Example image CC: http://struppigel.blogspot.com/2017/07/process-injection-info-graphic.html

This article contains an overview of what is DLL injection, Process Hollowing and Process Doppelgänging techniques.

Greetings, in this article we will look at what is DLL injection and what are the different techniques for this purpose. So let’s start right away

First of all, let’s find out what a DLL is before we enter the DLL injection. DLL(Dynamic Link Library)files are the common actions of the programs that are working in a single file, and if the program does not have the necessary functions during the program, it looks for it in the dynamic link library, namely in the DLL file. In this way, the programs will work on a single file, reducing memory usage to a minimum, increasing both the program speed and computer speed, since many DLLs use a single DLL instead of a file, it will not take up much space on the hard disk.

Now that we have learned what the DLL file does, there may be something in our minds about the DLL injection. Now we can start with the definition of DLL injection.

DLL injection is a method used by malware to hide, not attract attention or work with high rights. This method briefly aims to run the victim process with the rights of the victim by injecting harmful software into another process.

An example DLL injection steps include:

  1. First of all, a target must be determined for DLL injection. The most popular windows api that can be used for this process are CreateToolhelp32Snapshot(), Process32First() and Process32Next () these functions take your process list and start all the processes from the beginning. Finally, the processes in this list are potentially exploitable processes.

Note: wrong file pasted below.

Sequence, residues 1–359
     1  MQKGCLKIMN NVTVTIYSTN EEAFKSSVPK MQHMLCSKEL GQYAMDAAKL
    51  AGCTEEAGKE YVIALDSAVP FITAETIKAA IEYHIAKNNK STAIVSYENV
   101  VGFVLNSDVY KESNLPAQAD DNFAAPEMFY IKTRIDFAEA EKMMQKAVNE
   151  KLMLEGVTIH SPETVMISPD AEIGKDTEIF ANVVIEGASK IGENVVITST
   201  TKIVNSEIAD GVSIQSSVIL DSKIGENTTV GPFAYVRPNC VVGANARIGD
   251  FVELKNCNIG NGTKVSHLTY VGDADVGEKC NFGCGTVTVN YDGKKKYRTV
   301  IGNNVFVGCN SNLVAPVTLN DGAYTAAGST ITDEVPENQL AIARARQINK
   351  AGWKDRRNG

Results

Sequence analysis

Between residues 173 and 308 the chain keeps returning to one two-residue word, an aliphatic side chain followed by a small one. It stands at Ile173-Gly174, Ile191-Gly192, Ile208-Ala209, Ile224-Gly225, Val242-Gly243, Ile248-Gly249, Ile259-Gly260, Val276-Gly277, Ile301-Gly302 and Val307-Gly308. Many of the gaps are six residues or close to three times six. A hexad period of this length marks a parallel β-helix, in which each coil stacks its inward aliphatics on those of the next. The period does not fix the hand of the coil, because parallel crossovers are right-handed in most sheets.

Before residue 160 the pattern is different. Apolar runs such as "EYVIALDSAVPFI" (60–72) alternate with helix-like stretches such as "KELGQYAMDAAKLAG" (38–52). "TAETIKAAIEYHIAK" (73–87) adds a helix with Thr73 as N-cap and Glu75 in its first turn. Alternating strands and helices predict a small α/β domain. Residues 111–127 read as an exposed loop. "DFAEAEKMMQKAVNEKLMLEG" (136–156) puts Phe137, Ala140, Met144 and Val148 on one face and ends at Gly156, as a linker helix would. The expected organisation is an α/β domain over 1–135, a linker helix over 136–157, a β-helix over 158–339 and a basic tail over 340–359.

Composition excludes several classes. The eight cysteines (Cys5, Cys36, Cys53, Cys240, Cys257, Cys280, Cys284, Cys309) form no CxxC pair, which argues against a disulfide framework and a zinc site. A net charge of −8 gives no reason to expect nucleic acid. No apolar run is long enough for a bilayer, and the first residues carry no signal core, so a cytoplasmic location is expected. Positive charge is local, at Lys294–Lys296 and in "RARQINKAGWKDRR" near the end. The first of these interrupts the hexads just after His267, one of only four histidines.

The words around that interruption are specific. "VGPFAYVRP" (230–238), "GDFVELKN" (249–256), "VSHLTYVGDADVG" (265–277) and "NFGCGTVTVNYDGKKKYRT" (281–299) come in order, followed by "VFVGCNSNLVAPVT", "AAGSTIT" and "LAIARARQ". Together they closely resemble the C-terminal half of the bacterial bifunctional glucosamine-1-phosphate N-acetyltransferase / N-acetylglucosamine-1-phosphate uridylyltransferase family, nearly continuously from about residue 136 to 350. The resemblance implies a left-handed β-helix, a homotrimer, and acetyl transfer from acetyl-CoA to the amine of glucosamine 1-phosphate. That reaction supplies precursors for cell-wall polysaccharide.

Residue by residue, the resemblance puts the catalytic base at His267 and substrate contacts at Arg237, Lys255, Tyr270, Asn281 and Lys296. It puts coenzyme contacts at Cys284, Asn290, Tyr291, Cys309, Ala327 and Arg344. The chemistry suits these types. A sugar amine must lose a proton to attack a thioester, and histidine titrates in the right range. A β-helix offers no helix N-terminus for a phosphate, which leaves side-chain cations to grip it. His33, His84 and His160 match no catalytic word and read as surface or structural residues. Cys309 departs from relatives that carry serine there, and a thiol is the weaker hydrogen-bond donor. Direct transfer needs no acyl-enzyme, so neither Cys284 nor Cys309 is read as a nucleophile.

2. The process id (PID) of the specified process is passed to the OpenProcess() function to obtain a handle value to be used for that process access.

  3. A memory allocation is made within the memory area of ​​the target process and the name of the malicious DLL that is desired to be loaded is written in this allocated area. The VirtualAllocEx() and WriteProcessMemory() functions are used for these operations, respectively. VirtualAllocEx(), allocate memory in the memory area of ​​the target process; WriteProcessMemory() is also used to write the name of the malicious DLL in this allocated field.

  4. Finally, to have the code executed in another process, the malware calls APIs such as CreateRemoteThread, NtCreateThreadEx, or RtlCreateUserThread. The latter two are undocumented. However, the general idea is to pass the address of LoadLibrary to one of these APIs so that a remote process has to execute the DLL on behalf of the malware.

NOTE: In order to run the “CreateRemoteThread()” function, the target (victim) process and the harmful process must be the same process owner.

It is worth mentioning that the “CreateRemoteThread” function is monitored by many security products. Attackers therefore avoid using it.

The screenshot below shows a malware called Rebhip that performs this technique.

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Now that we have seen what DLL injection is and how it is done, we can look at different techniques and subfields.

Process Hollowing

The method called Process Hollowing is slightly different from the method we have described above. The malicious code that uses this method first runs a valid system process, then stops that process, and then replaces its codes with the original codes of that process, and finally runs the code it stopped and settled in the system.